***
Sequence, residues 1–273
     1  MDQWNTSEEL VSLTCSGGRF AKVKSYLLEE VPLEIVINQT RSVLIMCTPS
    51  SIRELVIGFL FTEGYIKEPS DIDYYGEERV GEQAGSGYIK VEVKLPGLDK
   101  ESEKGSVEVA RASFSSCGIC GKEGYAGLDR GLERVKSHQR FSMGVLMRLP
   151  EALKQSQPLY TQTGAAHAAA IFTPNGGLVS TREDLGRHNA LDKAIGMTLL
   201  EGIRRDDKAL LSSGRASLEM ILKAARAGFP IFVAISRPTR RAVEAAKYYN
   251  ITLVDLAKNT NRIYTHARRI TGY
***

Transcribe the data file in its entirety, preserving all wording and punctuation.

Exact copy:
Sequence, residues 1–273
     1  MDQWNTSEEL VSLTCSGGRF AKVKSYLLEE VPLEIVINQT RSVLIMCTPS
    51  SIRELVIGFL FTEGYIKEPS DIDYYGEERV GEQAGSGYIK VEVKLPGLDK
   101  ESEKGSVEVA RASFSSCGIC GKEGYAGLDR GLERVKSHQR FSMGVLMRLP
   151  EALKQSQPLY TQTGAAHAAA IFTPNGGLVS TREDLGRHNA LDKAIGMTLL
   201  EGIRRDDKAL LSSGRASLEM ILKAARAGFP IFVAISRPTR RAVEAAKYYN
   251  ITLVDLAKNT NRIYTHARRI TGY